St. John's Church (Newark, New Jersey)

From Wikipedia, the free encyclopedia
Jump to navigation Jump to search
St. John's Church
ST. JOHN'S CHURCH, NEWARK, ESSEX COUNTY NJ.jpg
St. John's Church (Newark, New Jersey) is located in Essex County, New Jersey
St. John's Church (Newark, New Jersey)
St. John's Church (Newark, New Jersey) is located in New Jersey
St. John's Church (Newark, New Jersey)
St. John's Church (Newark, New Jersey) is located in the United States
St. John's Church (Newark, New Jersey)
Location22-26 Mulberry Street, Newark, New Jersey
Coordinates40°44′17″N 74°9′58″W / 40.73806°N 74.16611°W / 40.73806; -74.16611Coordinates: 40°44′17″N 74°9′58″W / 40.73806°N 74.16611°W / 40.73806; -74.16611
Area1 acre (0.40 ha)
Built1827
ArchitectMoran, Father Patrick
Architectural styleEnglish Norman Perpendicular
NRHP reference #72000789[1]
NJRHP #[2]
Added to NRHPOctober 30, 1972

St. John's Church is a historic Roman Catholic parish church located within the Archdiocese of Newark at 22-26 Mulberry Street in Newark, Essex County, New Jersey, United States. St. John's Church is the state's third-oldest Catholic church.[citation needed]

History[edit]

In 1826 the congregation was held its first meeting in the basement of Charles Durning's home. Construction of the current building began in 1827.[3] Later renovations and additions took place throughout the 19th and 20th centuries and incorporated the original structure's walls. When the church was first built, it was the only church in northern New Jersey and was originally part of the Diocese of New York. The church currently runs a soup kitchen, women's shelter, and art gallery for children. The building was added to the National Register of Historic Places in 1972.[4][5]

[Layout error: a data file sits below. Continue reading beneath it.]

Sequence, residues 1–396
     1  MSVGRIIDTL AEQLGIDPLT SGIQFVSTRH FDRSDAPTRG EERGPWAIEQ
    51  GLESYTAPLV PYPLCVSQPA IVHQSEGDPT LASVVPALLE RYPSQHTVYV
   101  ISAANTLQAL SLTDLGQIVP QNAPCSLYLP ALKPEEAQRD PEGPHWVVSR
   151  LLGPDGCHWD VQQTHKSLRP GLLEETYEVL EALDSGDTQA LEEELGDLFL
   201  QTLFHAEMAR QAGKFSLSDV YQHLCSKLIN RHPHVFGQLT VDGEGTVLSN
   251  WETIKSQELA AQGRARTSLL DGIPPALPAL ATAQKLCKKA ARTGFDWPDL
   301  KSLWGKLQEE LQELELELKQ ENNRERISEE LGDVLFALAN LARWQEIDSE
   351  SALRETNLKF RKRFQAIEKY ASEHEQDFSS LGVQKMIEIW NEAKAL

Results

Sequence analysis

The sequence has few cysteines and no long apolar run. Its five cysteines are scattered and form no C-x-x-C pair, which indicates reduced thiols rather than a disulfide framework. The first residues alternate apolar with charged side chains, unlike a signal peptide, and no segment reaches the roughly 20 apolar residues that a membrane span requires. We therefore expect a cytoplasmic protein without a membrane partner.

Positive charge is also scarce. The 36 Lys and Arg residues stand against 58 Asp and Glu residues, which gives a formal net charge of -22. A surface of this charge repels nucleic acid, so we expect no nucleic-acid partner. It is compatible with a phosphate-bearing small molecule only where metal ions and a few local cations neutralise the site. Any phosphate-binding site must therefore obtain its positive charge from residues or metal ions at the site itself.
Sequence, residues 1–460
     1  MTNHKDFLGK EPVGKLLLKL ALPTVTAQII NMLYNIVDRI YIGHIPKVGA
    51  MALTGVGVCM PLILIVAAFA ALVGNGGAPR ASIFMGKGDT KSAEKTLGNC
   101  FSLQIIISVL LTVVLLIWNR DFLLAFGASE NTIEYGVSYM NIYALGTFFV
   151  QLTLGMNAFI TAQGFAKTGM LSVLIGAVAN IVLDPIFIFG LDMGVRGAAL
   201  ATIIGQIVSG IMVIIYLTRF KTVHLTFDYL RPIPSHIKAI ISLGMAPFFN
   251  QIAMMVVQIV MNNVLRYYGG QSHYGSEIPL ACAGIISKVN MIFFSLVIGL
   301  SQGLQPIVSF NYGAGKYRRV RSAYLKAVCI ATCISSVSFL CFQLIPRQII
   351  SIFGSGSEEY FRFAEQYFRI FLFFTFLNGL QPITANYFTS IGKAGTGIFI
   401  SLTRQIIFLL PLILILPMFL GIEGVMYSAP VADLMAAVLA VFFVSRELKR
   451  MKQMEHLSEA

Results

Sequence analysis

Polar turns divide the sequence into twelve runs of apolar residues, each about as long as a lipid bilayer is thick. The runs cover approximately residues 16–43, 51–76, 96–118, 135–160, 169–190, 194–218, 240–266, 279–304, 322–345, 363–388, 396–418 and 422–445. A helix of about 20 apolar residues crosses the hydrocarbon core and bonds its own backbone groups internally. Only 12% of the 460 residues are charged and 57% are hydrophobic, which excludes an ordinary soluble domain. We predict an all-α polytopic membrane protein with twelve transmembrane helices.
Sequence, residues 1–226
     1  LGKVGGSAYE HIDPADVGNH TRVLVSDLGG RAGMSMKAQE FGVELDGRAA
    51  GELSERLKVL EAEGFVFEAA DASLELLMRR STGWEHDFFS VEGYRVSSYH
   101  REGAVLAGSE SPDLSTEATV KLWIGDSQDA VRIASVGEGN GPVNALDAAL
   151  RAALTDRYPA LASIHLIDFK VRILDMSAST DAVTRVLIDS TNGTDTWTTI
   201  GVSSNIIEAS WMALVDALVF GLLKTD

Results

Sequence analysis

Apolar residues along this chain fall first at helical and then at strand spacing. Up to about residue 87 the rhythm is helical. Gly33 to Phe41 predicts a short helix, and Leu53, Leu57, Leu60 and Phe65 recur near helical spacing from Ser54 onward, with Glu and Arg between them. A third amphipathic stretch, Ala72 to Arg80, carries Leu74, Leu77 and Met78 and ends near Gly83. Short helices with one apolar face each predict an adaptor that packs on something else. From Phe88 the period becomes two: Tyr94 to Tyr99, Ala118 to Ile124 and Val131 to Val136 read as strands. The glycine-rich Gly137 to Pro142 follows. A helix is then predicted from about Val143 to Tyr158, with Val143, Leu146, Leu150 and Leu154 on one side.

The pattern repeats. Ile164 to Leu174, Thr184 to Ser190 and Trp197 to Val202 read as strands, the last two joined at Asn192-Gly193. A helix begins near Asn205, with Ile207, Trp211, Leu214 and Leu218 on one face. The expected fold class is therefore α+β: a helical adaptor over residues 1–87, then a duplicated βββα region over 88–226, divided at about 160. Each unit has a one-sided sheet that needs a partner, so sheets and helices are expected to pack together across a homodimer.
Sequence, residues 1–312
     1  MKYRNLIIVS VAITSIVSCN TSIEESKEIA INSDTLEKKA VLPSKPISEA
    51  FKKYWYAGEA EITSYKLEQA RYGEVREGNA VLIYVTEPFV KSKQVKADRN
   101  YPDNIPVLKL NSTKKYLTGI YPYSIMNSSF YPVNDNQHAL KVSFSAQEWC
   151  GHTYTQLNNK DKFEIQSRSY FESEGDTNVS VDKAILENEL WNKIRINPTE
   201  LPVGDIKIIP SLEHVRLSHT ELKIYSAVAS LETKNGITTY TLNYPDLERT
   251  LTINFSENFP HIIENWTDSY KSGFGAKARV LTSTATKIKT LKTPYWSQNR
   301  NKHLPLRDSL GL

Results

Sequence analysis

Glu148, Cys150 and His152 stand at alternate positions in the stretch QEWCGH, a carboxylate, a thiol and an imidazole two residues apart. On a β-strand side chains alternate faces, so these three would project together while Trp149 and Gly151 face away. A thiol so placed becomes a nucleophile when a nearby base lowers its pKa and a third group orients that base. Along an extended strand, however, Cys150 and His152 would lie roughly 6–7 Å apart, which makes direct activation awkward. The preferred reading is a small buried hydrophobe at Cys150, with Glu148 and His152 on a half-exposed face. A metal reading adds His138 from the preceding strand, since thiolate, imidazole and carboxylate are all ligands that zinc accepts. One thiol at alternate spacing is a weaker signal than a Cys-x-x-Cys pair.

See also[edit]

References[edit]

  1. ^ National Park Service (2009-03-13). "National Register Information System". National Register of Historic Places. National Park Service.
  2. ^ "New Jersey and National Registers of Historic Places - Essex County" (PDF). New Jersey Department of Environmental Protection - Historic Preservation Office. April 1, 2010. p. 5. Archived from the original (PDF) on March 27, 2009. Retrieved August 21, 2010.
  3. ^ https://www.nytimes.com/1999/03/28/nyregion/places-heart-historic-houses-worship-soaring-spires-simple-quaker-meeting-houses.html?pagewanted=all
  4. ^ http://www.njchurchscape.com/Newark-StJohn's.html
  5. ^ "Archived copy". Archived from the original on 2010-11-29. Retrieved 2010-12-06.CS1 maint: Archived copy as title (link)